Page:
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Use c# to draw RRS feed

  • Question

  • I want to use c# to design a program similar to a drawing program using LOGO language. The user enters the code in a textbox, and the graphics can be generated simultaneously in a window. When designing the program, I don't know how to translate the user input language to c#, and implement real-time drawing of the program.



    • Edited by Avery Ye Wednesday, October 24, 2018 8:04 AM
    Wednesday, October 24, 2018 2:21 AM

Answers

  • Hi Avery Ye,

    I think that such feature will be simple to design and develop using WPF Canvas control, and some parsing mechanism to parse your code, here is an example of using Canvas in WPF (source: https://www.dotnetperls.com/canvas-wpf):

    Note: the code here is a starting point, you should combine techniques in those examples to attain your goal.

    <Window x:Class="WpfApplication27.MainWindow"
            xmlns="http://schemas.microsoft.com/winfx/2006/xaml/presentation"
            xmlns:x="http://schemas.microsoft.com/winfx/2006/xaml"
            Title="MainWindow" Height="350" Width="525"
            Loaded="Window_Loaded">
        <Grid>
            <Canvas HorizontalAlignment="Left" Height="319" Margin="0"
                    VerticalAlignment="Top" Width="517"
                    Name="Can1"/>
        </Grid>
    </Window>
    

    C# code behind:

    using System.Collections.Generic;
    using System.Windows;
    using System.Windows.Controls;
    using System.Windows.Documents;
    using System.Windows.Media;
    using System.Windows.Shapes;
    
    namespace WpfApplication27
    {
        class Rect
        {
            public int Width { get; set; }
            public int Height { get; set; }
            public int Left { get; set; }
            public int Top { get; set; }
            public SolidColorBrush Color { get; set; }
        }
    
        /// <summary>
        /// Interaction logic for MainWindow.xaml
        /// </summary>
        public partial class MainWindow : Window
        {
            public MainWindow()
            {
                InitializeComponent();
            }
    
            private void Window_Loaded(object sender, RoutedEventArgs e)
            {
                // ... Create list of our Rect objects.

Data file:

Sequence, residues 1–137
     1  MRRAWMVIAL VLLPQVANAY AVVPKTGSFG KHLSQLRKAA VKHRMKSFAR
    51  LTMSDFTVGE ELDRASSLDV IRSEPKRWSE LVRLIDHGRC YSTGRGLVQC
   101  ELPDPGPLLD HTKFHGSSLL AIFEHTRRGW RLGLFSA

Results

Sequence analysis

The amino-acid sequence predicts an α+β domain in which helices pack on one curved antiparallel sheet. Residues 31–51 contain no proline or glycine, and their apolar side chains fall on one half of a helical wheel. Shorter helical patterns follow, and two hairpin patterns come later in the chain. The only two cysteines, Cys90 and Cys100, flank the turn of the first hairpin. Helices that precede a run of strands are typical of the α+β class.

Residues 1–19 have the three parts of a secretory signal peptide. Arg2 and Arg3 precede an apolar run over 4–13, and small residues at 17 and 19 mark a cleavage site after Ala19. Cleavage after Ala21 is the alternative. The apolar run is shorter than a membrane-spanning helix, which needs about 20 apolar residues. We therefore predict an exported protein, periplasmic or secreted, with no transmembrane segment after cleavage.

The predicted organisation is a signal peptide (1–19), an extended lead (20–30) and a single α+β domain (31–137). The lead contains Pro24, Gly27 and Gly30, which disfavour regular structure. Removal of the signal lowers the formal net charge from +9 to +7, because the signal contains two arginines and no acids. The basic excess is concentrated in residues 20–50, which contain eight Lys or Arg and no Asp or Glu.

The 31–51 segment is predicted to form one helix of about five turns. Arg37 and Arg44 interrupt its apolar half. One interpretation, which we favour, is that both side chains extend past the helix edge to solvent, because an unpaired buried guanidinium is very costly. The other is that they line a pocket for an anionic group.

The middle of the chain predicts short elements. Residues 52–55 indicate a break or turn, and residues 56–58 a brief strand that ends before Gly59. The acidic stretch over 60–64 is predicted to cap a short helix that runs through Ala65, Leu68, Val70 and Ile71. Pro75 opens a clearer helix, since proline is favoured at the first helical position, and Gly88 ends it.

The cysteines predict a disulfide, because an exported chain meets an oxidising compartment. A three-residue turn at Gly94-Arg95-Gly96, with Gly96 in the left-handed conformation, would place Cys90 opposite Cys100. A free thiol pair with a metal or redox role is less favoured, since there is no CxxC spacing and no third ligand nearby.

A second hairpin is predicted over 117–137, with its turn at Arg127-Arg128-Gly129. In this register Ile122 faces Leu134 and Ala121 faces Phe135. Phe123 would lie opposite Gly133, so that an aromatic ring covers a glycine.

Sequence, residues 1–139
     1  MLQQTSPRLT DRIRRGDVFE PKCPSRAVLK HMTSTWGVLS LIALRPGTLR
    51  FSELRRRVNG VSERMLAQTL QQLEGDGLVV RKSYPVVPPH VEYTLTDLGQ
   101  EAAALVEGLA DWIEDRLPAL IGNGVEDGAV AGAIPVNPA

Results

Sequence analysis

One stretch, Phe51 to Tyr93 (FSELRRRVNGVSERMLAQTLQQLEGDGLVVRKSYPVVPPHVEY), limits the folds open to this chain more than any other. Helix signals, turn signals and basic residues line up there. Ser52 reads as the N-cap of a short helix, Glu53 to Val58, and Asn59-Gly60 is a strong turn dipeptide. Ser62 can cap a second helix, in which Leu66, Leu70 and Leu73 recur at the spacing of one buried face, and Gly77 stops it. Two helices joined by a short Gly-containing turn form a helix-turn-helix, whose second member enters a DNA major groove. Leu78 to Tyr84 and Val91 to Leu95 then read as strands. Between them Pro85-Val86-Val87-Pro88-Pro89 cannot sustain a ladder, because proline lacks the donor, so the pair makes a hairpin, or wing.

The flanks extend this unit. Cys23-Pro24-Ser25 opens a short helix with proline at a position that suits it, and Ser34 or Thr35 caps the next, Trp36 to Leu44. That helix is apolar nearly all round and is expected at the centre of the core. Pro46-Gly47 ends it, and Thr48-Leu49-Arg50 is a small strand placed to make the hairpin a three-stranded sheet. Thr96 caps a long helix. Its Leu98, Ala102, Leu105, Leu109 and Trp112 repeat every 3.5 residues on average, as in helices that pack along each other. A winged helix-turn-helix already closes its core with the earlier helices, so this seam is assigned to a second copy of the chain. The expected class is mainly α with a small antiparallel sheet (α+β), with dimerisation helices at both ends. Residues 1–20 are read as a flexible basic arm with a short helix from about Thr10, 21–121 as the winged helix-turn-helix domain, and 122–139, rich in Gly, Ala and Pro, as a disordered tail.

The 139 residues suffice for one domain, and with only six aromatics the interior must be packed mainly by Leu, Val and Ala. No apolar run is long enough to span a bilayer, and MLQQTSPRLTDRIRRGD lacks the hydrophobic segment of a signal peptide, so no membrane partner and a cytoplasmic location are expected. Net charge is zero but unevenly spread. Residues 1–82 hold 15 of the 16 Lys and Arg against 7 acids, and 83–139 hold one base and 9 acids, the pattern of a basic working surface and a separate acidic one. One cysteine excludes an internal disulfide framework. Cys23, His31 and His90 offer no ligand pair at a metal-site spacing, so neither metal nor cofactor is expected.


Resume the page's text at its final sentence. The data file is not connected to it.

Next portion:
List<Rect> rects = new List<Rect>();
    
                // ... Add Rect objects.
                rects.Add(new Rect()
                {
                    Width = 100,
                    Height = 100,
                    Left = 0,
                    Top = 0,
                    Color = Brushes.Aquamarine
                });
                rects.Add(new Rect()
                {
                    Width = 50,
                    Height = 50,
                    Left = 100,
                    Top = 100,
                    Color = Brushes.Cornsilk
                });
                rects.Add(new Rect()
                {
                    Width = 25,
                    Height = 25,
                    Left = 150,
                    Top = 150,
                    Color = Brushes.Peru
                });
    
                foreach (Rect rect in rects)
                {
                    // ... Create Rectangle object.
                    Rectangle r = new Rectangle();
                    r.Width = rect.Width;
                    r.Height = rect.Height;
                    r.Fill = rect.Color;
    
                    // ... Set canvas position based on Rect object.
                    Canvas.SetLeft(r, rect.Left);
                    Canvas.SetTop(r, rect.Top);
    
                    // ... Add to canvas.
                    Can1.Children.Add(r);
                }
            }
        }
    }
    

    for the parsing mechanism, you can use XML parser, here is a simple example:

    // https://www.dotnetperls.com/xmlreader

    using System; using System.Xml; class Program { static void Main() { // Create an XML reader for this file. using (XmlReader reader = XmlReader.Create("perls.xml")) { while (reader.Read()) { // Only detect start elements. if (reader.IsStartElement()) { // Get element name and switch on it. switch (reader.Name) { case "perls": // Detect this element. Console.WriteLine("Start <perls> element."); break; case "article": // Detect this article element. Console.WriteLine("Start <article> element."); // Search for the attribute name on this current node. string attribute = reader["name"]; if (attribute != null) { Console.WriteLine(" Has attribute name: " + attribute); } // Next read will contain text. if (reader.Read()) { Console.WriteLine(" Text node: " + reader.Value.Trim()); } break; } } } } } }


    <?xml version="1.0" encoding="utf-8" ?>
    <perls>
        <article name="backgroundworker">
            Example text.
        </article>